Retired clinicians tapped to fill staffing gaps, mentor younger employees


Even after just a few years, clinicians may be reentering a dramatically different work environment.

The rapid acceleration of technology can present a barrier, especially for those in older generations. Early on, Dewey said the Bayhealth team realized it needed to improve its computer documentation system training course to accommodate returning clinicians, giving them extra practice sessions and time learning their way around a simulation of the system’s electronic health record.

The health system often pairs former retirees with a nurse who can take care of charting and documentation while they tackle other tasks and hands-on care measures.

Dewey said there hasn’t been much of a so-called culture clash between retirees and other nurses. Instead, Bayhealth gives the returned clinicians the opportunity to share their experience from decades on the job and give feedback on areas of operation that need to be tweaked to improve workflows. The health system also allows retired nurses to propose reintroducing processes that have fallen out of practice.

“Each generation brings something to the forefront,” Dewey said. “My favorite thing about the baby boomers is they are workhorses. They are ride or die. The millennials and the Gen Z [workers] are super good with computers and all that technical stuff. So they play off of each other a little bit.”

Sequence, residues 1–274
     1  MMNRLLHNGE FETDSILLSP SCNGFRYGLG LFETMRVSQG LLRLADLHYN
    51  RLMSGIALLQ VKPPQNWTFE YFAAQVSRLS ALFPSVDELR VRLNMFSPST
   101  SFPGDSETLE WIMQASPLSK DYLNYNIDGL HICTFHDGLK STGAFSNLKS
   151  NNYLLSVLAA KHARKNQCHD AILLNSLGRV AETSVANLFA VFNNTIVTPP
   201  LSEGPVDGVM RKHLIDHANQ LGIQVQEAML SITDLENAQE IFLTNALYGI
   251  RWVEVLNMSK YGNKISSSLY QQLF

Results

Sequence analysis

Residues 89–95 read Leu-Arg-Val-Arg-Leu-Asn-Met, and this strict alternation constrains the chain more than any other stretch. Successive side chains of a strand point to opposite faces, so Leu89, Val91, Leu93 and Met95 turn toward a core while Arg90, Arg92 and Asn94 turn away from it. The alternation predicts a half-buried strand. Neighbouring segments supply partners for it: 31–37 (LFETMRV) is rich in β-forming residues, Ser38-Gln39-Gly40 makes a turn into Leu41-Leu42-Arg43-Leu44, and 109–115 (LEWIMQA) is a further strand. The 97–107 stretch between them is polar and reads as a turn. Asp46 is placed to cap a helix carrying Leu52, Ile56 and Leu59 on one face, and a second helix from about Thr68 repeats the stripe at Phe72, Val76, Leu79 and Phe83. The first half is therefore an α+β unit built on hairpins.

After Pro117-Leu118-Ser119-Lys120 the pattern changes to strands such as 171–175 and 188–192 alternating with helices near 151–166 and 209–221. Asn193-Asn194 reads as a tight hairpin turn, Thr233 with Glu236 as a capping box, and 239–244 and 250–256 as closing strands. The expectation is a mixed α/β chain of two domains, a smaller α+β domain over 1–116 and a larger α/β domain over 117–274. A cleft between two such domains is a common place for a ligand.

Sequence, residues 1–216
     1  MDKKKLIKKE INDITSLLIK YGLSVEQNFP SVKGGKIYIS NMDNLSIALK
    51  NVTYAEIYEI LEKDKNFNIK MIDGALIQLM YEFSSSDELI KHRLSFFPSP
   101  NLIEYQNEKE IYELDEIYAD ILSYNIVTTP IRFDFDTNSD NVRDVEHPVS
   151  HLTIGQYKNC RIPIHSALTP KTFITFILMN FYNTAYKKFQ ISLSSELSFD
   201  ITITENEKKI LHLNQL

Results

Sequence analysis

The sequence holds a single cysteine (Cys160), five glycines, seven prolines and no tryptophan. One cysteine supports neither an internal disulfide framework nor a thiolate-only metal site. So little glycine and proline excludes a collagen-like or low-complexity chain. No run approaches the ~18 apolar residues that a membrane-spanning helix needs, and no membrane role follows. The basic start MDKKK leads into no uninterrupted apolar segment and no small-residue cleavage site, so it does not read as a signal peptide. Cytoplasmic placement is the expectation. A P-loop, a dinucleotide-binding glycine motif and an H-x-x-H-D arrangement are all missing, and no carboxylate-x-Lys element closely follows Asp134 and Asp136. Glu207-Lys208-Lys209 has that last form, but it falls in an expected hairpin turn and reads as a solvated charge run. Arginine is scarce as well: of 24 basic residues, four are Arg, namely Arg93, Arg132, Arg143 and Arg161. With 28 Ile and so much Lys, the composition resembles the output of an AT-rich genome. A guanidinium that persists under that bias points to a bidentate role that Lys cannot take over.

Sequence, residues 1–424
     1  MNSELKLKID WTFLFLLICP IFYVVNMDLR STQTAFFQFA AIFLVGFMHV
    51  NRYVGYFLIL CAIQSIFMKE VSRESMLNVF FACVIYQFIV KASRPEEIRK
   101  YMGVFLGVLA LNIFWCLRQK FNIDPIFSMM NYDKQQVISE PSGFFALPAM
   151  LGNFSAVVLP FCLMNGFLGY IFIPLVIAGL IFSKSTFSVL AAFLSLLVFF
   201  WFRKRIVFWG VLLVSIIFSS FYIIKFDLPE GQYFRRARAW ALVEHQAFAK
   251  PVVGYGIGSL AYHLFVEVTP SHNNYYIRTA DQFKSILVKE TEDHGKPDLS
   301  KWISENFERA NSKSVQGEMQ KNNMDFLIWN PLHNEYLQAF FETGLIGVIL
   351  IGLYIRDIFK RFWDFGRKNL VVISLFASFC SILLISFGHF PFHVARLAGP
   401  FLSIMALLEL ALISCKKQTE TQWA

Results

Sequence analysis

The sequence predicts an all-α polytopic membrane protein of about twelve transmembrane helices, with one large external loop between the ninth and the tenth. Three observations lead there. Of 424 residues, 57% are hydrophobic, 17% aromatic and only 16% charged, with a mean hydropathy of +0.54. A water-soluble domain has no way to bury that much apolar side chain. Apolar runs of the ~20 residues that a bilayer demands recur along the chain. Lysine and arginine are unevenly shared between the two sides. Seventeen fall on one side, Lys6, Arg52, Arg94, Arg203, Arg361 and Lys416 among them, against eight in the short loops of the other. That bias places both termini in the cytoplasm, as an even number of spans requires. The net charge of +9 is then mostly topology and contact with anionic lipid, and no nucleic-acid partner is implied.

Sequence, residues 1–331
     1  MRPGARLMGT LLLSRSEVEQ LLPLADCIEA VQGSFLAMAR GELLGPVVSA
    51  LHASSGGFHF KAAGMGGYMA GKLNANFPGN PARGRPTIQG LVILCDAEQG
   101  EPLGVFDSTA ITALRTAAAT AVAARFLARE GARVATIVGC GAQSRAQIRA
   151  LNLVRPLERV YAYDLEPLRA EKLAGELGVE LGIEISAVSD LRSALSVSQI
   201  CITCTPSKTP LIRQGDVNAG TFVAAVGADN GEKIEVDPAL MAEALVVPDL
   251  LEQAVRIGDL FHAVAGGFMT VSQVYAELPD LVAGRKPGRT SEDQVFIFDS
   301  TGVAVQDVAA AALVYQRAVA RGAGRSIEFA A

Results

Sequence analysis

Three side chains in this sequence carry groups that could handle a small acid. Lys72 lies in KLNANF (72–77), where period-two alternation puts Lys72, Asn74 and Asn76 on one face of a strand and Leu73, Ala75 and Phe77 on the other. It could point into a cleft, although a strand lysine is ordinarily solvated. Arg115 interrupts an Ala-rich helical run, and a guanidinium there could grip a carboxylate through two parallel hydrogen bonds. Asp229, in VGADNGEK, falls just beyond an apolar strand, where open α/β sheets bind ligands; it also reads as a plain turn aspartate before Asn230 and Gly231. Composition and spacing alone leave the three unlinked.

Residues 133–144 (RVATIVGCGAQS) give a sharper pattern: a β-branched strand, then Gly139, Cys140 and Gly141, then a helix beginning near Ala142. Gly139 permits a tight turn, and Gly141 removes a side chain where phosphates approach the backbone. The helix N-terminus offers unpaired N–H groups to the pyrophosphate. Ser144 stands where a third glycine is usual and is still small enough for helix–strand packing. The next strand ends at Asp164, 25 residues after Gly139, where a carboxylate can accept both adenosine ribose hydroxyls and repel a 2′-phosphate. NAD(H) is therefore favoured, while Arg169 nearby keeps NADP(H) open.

Dewey said it’s important to consider whether older nurses can keep up physically due to all the walking involved at larger hospitals, and whether the expectations of the new role are realistic.

“The other thing that we had to get creative about was work hours,” she said. “Typically nurses work 12-hour shifts, and that’s not very appealing to nurses coming out of retirement.”

The system implemented four- to-six-hour shifts for formerly retired nurses, scheduling them during peak busy periods.

Most returning clinicians at Bayhealth choose to enter areas of medical surgery or non-critical care, although some have felt comfortable enough to work in the intensive care unit.

“You have to sit down and have a conversation [with them] about what they feel like their strengths are,” Dewey said. “Maybe you use them to do the admission assessment or to help with [your] new graduate nurses that [you are] trying to hire. [Maybe you] use them in skill labs, or with simple things like catheter insertions and nasal or gastric tubes.”

As with other clinicians, retention of returning healthcare professionals requires a strong relationship and robust communication, said Alana King, senior recruiter with Bayhealth’s talent acquisition team.

“If you can implement their expertise into a position where they are best utilized, it’s a win-win,” she said. “They’re gonna be happy and more likely to … stay, and maybe increase their hours, if they want to work for us.”


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